Darwin Fenner Student Managed Fund
Manage Real Investments with the Darwin Fenner Student Managed Fund
In the Darwin Fenner Student Managed Fund course, students actively manage more than $5.8 million in three separate equity portfolios – and regularly beat the benchmark indexes.
Some schools give students the chance to experiment with simulated portfolios. With the Darwin Fenner Fund, students build proprietary industry sector models and make investment decisions with real portfolios. It's an experience few other schools can match.
For students seeking a challenging experience, the Darwin Fenner Fund goes beyond academic rigor, empowering you to manage real risk with real money.
- Study respected academic research and learn sophisticated methods for analyzing stocks while managing a mid-cap or a small-cap portfolio.
- Gain experience with the software and databases used by professional fund managers, including Bloomberg Terminals, ThomsonOne.com, Standard & Poor's Net Advantage, and Standard & Poor’s Capital IQ.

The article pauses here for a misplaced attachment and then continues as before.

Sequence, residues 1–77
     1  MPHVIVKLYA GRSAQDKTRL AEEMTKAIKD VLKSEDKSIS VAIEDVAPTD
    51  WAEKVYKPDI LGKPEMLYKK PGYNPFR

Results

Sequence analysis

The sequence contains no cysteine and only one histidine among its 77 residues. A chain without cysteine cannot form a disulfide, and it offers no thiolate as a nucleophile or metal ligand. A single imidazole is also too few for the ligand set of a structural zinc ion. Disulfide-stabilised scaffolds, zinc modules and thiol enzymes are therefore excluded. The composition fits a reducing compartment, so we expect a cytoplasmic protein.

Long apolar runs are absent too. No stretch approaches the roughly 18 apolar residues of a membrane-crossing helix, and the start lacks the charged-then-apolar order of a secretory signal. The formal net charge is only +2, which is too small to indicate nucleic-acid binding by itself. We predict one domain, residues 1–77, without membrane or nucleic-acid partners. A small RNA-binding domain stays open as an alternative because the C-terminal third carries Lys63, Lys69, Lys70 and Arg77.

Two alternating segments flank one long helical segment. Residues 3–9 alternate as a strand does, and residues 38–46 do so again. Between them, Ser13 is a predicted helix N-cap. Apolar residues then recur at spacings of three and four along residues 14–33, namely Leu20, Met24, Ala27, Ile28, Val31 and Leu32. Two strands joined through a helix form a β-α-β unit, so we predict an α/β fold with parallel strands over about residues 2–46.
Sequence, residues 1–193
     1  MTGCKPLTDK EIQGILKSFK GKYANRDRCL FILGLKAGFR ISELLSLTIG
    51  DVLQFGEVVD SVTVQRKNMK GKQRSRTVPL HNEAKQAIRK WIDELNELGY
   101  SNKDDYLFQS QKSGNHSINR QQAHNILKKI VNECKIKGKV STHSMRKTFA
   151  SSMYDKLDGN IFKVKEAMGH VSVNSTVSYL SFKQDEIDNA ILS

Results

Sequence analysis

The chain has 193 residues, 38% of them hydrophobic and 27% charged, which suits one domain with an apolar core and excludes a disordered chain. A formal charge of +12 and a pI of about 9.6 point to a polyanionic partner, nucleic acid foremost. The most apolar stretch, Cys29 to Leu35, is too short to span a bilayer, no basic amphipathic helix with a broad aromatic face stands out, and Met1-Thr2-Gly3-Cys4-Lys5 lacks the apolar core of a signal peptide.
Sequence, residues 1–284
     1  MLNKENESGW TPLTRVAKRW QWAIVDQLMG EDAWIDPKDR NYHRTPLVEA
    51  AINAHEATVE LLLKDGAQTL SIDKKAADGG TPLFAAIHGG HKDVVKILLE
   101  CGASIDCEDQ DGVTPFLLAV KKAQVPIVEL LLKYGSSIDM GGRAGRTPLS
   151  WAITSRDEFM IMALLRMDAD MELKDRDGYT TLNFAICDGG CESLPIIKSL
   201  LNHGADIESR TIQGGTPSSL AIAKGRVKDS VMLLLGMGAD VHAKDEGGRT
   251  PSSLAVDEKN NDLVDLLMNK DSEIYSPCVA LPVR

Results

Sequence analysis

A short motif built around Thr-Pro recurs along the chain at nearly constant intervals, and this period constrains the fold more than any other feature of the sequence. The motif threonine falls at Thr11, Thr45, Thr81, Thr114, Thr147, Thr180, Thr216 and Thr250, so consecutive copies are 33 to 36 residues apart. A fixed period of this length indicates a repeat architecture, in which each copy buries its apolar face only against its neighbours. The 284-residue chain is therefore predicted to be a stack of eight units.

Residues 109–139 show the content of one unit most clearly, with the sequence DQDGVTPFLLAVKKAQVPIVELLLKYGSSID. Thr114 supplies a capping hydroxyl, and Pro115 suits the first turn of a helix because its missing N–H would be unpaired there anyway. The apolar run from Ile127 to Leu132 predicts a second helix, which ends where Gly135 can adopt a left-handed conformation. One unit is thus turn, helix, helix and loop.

- Enact your skills by buying and selling S&P 400 and S&P 600 stocks with the goal of generating higher returns than the respective indexes without taking higher risk.
Many Darwin Fenner students find that while the Freeman name gets them a job interview, it’s their experience with the Darwin Fenner Fund that secures their first job.
As a Darwin Fenner Fund student, you'll create a sector model that you can show to prospective employers, giving you a competitive advantage over other candidates. You'll also enjoy career-long connections through the Darwin Fenner LinkedIn group. Our graduates have pursued investment banking, portfolio asset management, and wealth management careers with companies like J.P. Morgan Asset Management and Goldman Sachs Global Investment Research.
The Darwin Fenner Student Managed Fund course was established in 1999 and reorganized in 2002 as an invitation-only honors seminar designed to provide top Freeman students with a unique, high-value experiential learning opportunity. Since 2002, students have regularly outperformed the market, generating higher returns than their respective indexes without taking higher risk.